• Among the Cannibals and Amazons: Early German Travel Literature on the New World

    Samuel Roy Dunlap (see profile)
    German Literature and Culture, Renaissance / Early Modern Studies
    Cannibalism, Iconography, Amazons, Venezuela
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    University of California, Berkeley
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    In the wake of Christopher Columbus' first voyages of "discovery," the New World rapidly became the setting for European exploration and subsequent colonization. The Spanish and Portuguese established early claim to New World territories, and they were soon joined by representatives of other nationalities eager for a share in the perceived riches of the Americas. The least-known of these nationalities who claimed a piece of the New World are the Germans, the writings of whom form the subject of this investigation. The early German colony occupied much of present-day Venezuela, and its surviving literary remains consist of letters, a journal, and one work intended for publication. We will examine the works of these men, Titus Neukomm, Philipp von Hutten, and Nicolas Federmann, and particular emphasis will be given to how the New World lands and peoples are described. These descriptions will be compared with other contemporary sixteenth- and seventeenth-century travel narratives and we will discover recurring themes as well as the continual presence of the cannibal and Amazon figures. We will see that just as in the areas of art and iconography where visual motifs are freely exchanged, borrowed, and copied, literary motifs of the New World are similarly recycled, creating, in essence, variations on a theme. Just as the artistic and literary spheres share a common vocabulary of images and motifs, we will discover, too, that both art and literature serve to describe, depict, and define the self against the "other," the foreign, and the exotic.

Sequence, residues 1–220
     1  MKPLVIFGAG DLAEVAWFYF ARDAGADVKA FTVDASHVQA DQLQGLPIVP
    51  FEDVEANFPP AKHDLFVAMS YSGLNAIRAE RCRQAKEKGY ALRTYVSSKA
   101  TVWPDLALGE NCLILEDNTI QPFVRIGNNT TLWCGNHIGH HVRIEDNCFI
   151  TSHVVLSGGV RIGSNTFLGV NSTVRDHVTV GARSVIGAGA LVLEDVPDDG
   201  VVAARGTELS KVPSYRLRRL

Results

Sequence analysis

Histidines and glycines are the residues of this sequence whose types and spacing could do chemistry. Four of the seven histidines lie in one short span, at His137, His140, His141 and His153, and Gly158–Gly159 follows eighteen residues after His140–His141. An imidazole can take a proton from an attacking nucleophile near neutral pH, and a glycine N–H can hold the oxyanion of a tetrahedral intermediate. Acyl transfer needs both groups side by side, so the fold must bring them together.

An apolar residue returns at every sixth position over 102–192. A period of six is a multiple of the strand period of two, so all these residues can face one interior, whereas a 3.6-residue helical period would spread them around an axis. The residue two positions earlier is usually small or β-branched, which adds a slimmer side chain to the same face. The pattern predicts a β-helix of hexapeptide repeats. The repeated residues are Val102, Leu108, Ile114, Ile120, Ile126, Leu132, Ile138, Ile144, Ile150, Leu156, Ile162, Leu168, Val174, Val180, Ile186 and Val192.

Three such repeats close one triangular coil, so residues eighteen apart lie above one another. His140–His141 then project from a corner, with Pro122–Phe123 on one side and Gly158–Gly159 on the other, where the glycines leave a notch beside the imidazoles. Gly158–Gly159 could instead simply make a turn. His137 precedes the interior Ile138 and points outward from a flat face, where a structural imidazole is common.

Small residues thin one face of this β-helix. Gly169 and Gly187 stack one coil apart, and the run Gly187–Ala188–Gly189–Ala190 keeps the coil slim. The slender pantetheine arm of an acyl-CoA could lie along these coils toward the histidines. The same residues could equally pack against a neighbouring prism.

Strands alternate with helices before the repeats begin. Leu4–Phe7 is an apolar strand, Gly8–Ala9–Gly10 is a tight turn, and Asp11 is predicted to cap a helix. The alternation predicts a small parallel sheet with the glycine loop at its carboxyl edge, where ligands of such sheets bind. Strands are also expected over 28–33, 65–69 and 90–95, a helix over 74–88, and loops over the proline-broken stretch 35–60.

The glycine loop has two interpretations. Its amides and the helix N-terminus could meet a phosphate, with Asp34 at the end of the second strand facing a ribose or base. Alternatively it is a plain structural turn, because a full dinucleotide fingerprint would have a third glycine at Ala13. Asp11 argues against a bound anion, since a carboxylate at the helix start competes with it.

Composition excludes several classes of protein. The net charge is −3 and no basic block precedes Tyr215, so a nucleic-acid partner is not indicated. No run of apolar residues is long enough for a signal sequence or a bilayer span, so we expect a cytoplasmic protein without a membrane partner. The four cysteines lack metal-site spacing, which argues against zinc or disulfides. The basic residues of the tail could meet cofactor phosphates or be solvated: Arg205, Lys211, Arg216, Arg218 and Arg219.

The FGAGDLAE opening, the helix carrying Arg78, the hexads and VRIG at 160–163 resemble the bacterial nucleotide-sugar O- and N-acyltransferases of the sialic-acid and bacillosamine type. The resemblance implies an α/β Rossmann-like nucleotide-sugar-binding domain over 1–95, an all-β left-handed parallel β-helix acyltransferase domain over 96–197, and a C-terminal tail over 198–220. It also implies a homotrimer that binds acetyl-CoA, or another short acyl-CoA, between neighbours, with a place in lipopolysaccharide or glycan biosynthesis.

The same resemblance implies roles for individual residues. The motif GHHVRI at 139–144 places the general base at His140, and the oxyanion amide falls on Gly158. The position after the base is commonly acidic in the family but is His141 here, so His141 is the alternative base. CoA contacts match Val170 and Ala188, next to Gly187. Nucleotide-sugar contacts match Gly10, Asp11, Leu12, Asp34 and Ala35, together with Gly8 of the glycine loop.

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    3 years ago
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